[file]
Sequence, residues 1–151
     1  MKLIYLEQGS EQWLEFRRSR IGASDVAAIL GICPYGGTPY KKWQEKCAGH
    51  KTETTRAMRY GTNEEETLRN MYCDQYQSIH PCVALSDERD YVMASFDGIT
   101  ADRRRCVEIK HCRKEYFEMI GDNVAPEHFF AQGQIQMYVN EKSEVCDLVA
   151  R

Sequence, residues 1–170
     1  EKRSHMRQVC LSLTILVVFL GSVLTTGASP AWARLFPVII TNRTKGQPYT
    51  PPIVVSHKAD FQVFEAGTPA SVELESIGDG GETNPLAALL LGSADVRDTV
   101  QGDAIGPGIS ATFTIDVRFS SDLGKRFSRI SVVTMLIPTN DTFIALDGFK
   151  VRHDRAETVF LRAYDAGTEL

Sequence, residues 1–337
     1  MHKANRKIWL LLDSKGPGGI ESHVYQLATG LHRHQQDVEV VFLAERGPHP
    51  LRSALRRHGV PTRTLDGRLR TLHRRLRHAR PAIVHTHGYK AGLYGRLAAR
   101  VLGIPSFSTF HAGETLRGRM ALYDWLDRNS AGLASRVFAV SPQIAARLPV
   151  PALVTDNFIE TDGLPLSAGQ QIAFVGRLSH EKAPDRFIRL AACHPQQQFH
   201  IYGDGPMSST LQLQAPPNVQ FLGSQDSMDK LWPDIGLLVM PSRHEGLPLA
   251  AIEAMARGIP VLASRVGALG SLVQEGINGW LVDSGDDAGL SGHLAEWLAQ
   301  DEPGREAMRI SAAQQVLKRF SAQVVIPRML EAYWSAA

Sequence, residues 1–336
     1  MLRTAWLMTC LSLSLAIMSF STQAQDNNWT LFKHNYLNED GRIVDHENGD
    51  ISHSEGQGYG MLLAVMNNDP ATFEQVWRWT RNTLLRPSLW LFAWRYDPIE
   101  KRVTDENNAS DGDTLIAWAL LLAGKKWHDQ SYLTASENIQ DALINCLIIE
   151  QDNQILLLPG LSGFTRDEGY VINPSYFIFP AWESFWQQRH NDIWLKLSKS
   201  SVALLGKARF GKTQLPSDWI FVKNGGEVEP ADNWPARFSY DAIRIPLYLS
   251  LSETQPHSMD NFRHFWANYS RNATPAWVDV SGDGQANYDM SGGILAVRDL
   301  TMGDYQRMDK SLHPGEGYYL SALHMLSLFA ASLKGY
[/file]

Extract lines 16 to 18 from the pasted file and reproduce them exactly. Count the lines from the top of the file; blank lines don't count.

   201  IYGDGPMSST LQLQAPPNVQ FLGSQDSMDK LWPDIGLLVM PSRHEGLPLA
   251  AIEAMARGIP VLASRVGALG SLVQEGINGW LVDSGDDAGL SGHLAEWLAQ
   301  DEPGREAMRI SAAQQVLKRF SAQVVIPRML EAYWSAA